“The Maze Runner” is the next hit YA novel series hoping to translate its success on the page to the big screen. As we know, this is a daunting task as there are more “Beautiful Creatures” than there are “Hunger Games” out there.
To promote its upcoming fall release, director Wes Ball, the novels’ writer James Dashner and two of the stars of the adaptation, Dylan O’Brien (“Teen Wolf”) and Will Poulter (“We’re the Millers”) talked to the press at WonderCon all about their film.
Below, the interview, followed by some exclusive photos of the filmmakers at the press event and the panel afterwards.
Dylan, I know a lot of your work on “Teen Wolf” is comedic. What was it like being in this film which was really action packed, and with the running, the CGI, green screen, etc?
Dylan O’Brien: It was a challenge. But as an actor it’s a role you absolutely would kill for. It’s the unsung hero, the ordinary person in extraordinary situations, that’s the kind of movie I loved growing up, it’s the kind of role I look for as an actor. I see Stiles that way but you’re right, it’s a different thing physically. His energy is different, it’s much slower, it’s much more dramatic. It’s just a challenge for me, honestly, but it’s something I really want to work on and continue to do.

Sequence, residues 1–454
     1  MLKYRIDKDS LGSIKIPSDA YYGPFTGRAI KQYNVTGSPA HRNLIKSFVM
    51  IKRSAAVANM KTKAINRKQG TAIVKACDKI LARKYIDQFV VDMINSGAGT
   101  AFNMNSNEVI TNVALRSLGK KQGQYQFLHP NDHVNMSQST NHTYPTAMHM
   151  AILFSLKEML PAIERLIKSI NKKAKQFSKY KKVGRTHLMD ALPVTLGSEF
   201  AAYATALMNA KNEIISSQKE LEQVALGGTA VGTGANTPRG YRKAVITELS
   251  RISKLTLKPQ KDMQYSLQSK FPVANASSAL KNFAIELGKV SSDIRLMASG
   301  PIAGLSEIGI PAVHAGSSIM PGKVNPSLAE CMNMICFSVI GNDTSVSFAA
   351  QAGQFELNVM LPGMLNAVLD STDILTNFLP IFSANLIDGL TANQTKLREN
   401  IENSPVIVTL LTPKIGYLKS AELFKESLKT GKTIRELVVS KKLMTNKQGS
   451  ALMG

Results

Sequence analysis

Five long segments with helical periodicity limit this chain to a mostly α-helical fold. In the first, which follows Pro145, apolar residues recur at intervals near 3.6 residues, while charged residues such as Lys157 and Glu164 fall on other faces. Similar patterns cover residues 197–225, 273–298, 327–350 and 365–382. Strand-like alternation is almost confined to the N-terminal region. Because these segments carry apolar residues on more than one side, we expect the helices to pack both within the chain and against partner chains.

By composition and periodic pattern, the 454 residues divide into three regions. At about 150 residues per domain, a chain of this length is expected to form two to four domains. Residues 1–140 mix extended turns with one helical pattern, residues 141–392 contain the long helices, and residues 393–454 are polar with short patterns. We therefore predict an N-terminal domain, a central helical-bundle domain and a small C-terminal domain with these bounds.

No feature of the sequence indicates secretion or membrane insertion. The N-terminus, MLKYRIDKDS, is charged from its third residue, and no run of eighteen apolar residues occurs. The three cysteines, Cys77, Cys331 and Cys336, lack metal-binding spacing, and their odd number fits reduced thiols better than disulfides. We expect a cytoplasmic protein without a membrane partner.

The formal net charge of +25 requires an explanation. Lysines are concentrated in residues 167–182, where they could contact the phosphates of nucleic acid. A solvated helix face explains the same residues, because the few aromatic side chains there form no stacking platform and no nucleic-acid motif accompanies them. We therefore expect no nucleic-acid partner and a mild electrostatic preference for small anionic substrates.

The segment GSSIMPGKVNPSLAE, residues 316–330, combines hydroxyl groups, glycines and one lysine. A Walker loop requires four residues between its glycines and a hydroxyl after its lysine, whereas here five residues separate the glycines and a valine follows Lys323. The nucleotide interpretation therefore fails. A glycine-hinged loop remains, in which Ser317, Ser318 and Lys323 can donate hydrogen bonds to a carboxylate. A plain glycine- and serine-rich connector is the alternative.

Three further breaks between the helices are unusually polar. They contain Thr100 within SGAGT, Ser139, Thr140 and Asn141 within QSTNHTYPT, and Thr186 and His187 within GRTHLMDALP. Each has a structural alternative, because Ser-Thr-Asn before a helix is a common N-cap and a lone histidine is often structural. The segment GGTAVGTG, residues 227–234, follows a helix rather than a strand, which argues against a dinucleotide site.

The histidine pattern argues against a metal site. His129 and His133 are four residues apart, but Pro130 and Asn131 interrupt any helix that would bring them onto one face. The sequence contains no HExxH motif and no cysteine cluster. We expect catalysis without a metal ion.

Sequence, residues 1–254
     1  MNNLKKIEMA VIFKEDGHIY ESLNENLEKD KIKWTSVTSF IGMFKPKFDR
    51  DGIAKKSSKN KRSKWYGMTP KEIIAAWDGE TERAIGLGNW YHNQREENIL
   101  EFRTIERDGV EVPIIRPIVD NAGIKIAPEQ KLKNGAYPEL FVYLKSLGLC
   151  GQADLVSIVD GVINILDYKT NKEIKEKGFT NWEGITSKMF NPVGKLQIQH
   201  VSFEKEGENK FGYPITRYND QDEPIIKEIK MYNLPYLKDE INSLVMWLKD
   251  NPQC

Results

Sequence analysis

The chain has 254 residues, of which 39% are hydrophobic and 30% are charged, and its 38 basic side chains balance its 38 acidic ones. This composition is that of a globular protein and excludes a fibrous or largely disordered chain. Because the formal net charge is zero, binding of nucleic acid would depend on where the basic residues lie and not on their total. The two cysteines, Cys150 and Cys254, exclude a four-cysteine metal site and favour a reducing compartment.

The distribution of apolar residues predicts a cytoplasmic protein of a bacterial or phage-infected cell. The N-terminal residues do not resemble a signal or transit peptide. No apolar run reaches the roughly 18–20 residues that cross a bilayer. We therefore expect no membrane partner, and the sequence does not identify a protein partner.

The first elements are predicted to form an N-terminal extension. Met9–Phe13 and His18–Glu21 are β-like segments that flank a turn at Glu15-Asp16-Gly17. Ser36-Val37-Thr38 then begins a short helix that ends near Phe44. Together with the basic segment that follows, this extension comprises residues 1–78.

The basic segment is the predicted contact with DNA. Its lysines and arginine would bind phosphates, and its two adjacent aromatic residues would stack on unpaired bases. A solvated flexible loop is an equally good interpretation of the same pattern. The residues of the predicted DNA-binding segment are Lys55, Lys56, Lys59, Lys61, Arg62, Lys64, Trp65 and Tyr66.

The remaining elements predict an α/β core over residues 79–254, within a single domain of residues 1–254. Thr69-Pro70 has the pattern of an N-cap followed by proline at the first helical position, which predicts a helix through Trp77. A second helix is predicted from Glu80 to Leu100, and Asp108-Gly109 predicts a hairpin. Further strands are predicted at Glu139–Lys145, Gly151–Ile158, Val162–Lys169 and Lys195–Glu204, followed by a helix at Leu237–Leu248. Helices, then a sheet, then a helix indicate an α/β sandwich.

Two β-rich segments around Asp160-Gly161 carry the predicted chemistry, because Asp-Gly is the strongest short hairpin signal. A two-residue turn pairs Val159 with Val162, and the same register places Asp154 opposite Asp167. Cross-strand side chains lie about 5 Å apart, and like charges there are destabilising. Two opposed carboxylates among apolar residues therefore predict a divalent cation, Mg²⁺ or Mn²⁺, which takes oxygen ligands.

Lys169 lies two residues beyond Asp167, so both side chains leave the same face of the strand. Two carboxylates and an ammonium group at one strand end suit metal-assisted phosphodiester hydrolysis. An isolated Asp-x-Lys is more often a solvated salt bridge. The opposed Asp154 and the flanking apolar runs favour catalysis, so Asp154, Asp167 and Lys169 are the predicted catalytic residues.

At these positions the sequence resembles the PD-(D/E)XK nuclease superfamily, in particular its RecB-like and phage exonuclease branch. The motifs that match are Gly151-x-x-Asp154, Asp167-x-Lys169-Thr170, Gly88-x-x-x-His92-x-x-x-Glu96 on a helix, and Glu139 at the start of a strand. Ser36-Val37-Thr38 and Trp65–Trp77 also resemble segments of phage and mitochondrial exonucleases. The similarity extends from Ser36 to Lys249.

Wes Ball: He rose to the challenge.
James Dashner: You nailed it.
O’Brien: I hope I did okay.
What do you think is driving the current fascination with young adult post-apocalyptic novels and movies?
O’Brien: Jennifer Lawrence. How could that not spawn a franchise? I don’t know, it’s interesting…
Ball: I think, basically, young people like being treated like adults and don’t like being pandered to. The post-apocalyptic thing is a separate issue I think. And our movie is not really post-apocalyptic, you couldn’t really even describe it as that. It’s more “Lord of the Flies” than it is end of the world. Spoiler: The second movie is more that. That’s the approach we took. Honestly I tried to make something outside of the YA thing, I didn’t want to box myself in with that. It’s just a movie with young people in it, dealing with very adult situations, and taking it as seriously as possible. Make sure there’s a lot of honesty and truth there, and at the same time having a lot of fun doing it. So that’s what we set out to do.